New Orleans comes to mind. Perhaps that’s why it was so shocking to my Filipino psyche: at the end of it all, what was boggling my Mind and profoundly disturbing my Soul was not the destruction of a major American city in the age of the Internet, but how… horrible was the reaction by people in the face of the crisis. The looting I can reconcile, it happens. Heck, it happens after a World Series or Super Bowl, so what’s new, right? But for rape and murder? For a civil defense officer telling someone in distress to go to hell and it’s every man for himself? One statement captured it all: “I don’t treat my dog that way.” Consider how many disasters we have gone through in this country. Now tell me how many degenerated into what New Orleans experienced? Isn’t it a convention of sorts that when crap hits the fan, we humans band together to live through the experience?

When the Philippines goes through major disasters like what hit New Orleans, you’ll find relief goods and volunteers by the truckloads and they just keep coming. You’ll find the people hit by that disaster helping each other; it’s rare to see Filipino communities turning on each other in the name of survival during crisis situations. No: something in the Filipino soul finds it anathema to leave others in need to their own devices when the Filipino can help even in the least bit. Like offering pastries to fellow passengers in a very unlucky flight. Or offering a home to displaced people from a foreign land.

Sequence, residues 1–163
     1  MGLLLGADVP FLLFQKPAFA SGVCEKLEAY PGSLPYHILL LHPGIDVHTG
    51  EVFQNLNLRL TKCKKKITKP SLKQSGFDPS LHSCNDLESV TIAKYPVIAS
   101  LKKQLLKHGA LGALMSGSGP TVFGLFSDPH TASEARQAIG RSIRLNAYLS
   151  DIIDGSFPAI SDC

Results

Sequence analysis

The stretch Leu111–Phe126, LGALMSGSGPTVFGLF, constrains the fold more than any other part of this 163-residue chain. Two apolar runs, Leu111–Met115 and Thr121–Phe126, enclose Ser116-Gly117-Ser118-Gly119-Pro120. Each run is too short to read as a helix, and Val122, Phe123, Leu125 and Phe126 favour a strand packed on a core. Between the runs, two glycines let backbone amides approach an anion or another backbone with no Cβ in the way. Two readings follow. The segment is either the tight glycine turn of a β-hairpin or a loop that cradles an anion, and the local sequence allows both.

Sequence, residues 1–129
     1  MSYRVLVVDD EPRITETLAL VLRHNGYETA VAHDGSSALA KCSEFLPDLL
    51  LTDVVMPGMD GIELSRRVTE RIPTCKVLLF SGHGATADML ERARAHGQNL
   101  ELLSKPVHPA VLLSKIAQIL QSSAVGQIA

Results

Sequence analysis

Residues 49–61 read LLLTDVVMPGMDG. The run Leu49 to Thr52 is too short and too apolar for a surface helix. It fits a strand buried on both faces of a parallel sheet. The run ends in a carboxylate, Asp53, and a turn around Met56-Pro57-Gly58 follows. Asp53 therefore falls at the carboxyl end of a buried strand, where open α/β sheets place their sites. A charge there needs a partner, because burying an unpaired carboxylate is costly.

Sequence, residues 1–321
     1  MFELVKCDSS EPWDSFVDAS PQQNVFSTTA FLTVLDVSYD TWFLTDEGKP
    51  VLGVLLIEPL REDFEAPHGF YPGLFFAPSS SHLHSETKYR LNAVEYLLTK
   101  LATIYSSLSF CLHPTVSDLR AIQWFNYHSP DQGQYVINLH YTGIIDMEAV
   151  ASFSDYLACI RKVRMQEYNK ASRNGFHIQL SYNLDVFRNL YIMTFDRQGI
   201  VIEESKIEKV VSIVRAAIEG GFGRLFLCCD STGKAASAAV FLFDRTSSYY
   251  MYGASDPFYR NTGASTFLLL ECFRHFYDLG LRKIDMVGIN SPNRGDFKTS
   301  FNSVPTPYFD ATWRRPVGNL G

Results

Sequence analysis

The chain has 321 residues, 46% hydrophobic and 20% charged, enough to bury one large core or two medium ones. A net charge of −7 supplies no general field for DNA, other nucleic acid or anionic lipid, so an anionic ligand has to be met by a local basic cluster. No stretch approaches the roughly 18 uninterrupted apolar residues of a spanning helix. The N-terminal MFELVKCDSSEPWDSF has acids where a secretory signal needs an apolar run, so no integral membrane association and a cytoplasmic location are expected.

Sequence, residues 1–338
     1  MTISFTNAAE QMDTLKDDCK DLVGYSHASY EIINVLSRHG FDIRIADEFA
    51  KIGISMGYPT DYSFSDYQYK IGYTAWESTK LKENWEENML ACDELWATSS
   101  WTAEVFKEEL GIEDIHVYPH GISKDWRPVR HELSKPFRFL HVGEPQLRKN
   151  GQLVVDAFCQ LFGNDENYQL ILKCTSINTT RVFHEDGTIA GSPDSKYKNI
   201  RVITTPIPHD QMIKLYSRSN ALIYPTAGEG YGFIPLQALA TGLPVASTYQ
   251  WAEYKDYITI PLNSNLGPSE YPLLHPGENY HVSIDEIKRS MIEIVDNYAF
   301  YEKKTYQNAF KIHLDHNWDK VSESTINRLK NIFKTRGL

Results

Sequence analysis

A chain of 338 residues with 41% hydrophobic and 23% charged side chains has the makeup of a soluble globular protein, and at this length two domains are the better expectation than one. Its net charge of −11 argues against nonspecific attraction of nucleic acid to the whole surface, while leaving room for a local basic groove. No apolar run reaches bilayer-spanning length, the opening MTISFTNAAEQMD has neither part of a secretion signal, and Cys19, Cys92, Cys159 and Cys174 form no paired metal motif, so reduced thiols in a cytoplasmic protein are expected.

In his Republic, Plato (through Socrates), said that people’s souls can be likened to Metals. The better the person’s soul, the better the metal that serves its analogy. It wasn’t that Plato was being discriminatory; he was simply pointing out that, though all metals are important and have uses, not all metals are the same. The Guardians, the ideal humans of his ideal society, were of Silver and Gold.

I can’t recall if it was Prof. David or MLQ3 who said it. Maybe both did. In fact, I see it a lot these days in columns: if something will save us from insanities like Gloriagate, if something will explain to the world why this country hasn’t become a “Failed State” despite all the crap that has hit it… it’s the quality of the “metal” of the Filipino’s soul.

Despite our leaders and the world they’ve brought us into, we will prevail. Because if the good within the Filipino cannot be cowed by the howling wind and driving rain of a super typhoon, or the devastating force of a volcano, or the many guns, goons and gold of a dictator, what can prevent it from shinging forth once again?

This is why you gave up a bright future with the corporations. This was why you wanted to serve the Filipino, why you earnestly believe what Ninoy said, that the Filipino is worth dying for.